“Livestock, farmland, wildlife, protected woodland and sites of special scientific interest can all be devastated by these fires, as can the lives of people living and working in rural communities.

“Human behaviour can significantly lower the chance of a wildfire starting so it’s crucial people act safely and responsibly in rural environments and follow the countryside code.”

The public can help prevent wildfires by making sure they dispose of litter and smoking materials carefully while in rural areas. Land managers are reminded that the legal period for Muirburn ended on 30 April.

For further advice and information about wildfires and what we can all do to prevent them visit our website

Thursday, 5 May 2016

The Graze the Moor Project - Molland Moor, Exmoor

Allan Butler, Richard Langdon (farmer), Dave Barrow (Moorkeeper)
and Janet Dwyer at Luckworthy Farm
I had an away-day to Exmoor, yesterday.  It is a bit of a challenge from Dumfries but with trains and the sleeper running sweetly, it is not a problem.

The Graze the Moor project is a partnership project with the main players being The Molland Estate, the Exmoor National Park Authority, and Natural England. As Project Manager I am responsible for the delivery of the project plan and the inevitable bureaucracy that surrounds such a project.  funding is being provided by Exmoor NPA, through their Partnership Fund with contributions from the other partners included The Heather Trust.  The project is running for five years and the second year was completed at the end of March.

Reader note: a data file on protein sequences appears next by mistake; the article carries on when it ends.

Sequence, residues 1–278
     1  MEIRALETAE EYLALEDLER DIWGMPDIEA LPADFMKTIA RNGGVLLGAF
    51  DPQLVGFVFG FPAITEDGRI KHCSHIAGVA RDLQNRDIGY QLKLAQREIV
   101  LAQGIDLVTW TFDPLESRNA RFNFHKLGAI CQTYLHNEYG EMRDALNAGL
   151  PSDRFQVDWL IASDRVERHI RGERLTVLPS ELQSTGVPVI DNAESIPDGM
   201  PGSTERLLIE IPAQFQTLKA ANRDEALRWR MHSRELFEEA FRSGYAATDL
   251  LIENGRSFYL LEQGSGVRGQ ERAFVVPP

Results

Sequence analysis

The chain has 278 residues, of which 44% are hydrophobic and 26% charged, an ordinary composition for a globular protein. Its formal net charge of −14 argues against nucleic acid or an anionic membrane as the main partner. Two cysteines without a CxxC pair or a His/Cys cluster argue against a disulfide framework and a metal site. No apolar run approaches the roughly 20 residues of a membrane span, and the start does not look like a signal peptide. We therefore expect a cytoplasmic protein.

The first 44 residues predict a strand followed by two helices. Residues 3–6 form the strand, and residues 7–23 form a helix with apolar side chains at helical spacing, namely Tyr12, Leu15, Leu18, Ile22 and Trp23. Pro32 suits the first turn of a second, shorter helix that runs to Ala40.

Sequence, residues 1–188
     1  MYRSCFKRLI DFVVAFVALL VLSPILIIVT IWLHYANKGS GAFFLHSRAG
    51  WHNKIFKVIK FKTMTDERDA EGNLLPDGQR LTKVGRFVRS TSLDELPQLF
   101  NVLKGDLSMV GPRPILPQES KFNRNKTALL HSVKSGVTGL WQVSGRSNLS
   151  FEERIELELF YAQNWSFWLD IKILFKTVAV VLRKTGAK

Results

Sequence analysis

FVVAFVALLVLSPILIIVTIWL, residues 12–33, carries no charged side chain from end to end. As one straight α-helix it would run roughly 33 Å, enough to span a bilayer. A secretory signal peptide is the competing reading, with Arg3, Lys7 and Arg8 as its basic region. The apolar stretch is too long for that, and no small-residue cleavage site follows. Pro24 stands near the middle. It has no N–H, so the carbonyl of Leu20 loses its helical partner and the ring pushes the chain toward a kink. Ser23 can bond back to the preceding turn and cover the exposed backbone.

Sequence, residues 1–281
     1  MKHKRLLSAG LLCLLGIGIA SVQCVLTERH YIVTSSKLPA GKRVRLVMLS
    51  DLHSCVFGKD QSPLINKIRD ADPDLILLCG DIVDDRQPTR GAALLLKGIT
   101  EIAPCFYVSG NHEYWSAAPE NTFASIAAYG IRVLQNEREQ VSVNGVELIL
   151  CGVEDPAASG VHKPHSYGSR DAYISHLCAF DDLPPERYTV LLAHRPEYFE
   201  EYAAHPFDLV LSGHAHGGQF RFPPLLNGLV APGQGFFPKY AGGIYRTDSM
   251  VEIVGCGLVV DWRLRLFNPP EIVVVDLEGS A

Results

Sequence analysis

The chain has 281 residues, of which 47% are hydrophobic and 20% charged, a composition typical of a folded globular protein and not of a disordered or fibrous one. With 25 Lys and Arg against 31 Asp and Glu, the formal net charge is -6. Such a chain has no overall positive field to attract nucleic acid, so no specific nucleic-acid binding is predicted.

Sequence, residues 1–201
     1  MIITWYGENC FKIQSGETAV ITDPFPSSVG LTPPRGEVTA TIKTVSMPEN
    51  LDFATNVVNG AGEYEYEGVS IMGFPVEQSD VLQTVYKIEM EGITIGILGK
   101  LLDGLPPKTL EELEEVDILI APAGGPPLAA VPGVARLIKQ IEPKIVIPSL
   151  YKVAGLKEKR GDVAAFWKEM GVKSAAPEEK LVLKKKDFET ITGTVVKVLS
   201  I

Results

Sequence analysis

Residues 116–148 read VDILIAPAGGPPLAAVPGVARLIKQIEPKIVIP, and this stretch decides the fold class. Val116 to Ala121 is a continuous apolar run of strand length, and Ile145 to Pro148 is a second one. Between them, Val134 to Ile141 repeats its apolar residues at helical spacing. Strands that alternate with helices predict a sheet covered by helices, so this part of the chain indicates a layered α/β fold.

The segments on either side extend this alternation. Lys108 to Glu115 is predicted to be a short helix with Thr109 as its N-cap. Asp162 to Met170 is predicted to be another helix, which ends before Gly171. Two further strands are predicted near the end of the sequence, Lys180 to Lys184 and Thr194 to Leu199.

A new recruit - 'Juggernaut'
a former native of Dumfries-shire
The purpose of yesterday's visit was to introduce Prof Janet Dwyer, from the University of Gloucestershire and Dr Allan Butler from the Royal Agricultural University to the project as I have invited them to provide some input to the economic comparison that is part of the project and to consider how to carry out the external evaluation of the project in its final year.  

The economic comparison seeks to identify the difference in income and expenditure between farms that graze the moor with hill livestock and those that have different breeds but keep them on in-bye land or in buildings. It is not a straightforward exercise and I am hoping that the challenge will be accepted.

Wednesday, 4 May 2016

Country Market & Sporting Sale - ready for the final fling?

The Country Market & Sporting Sale is poised for the final flurry of activity. We have a large range of exciting Lots on offer that have been attracting bids since the launch of the Sale on 22 April.  There has been some furious bidding for some Lots and we are expecting a large amount of activity between now and the end of the Sale at 7.00pm on Sunday 8 May.

Don’t miss out!  Have a look at the Lots on the Sale’s website and get bidding. There is something for every interest and every budget.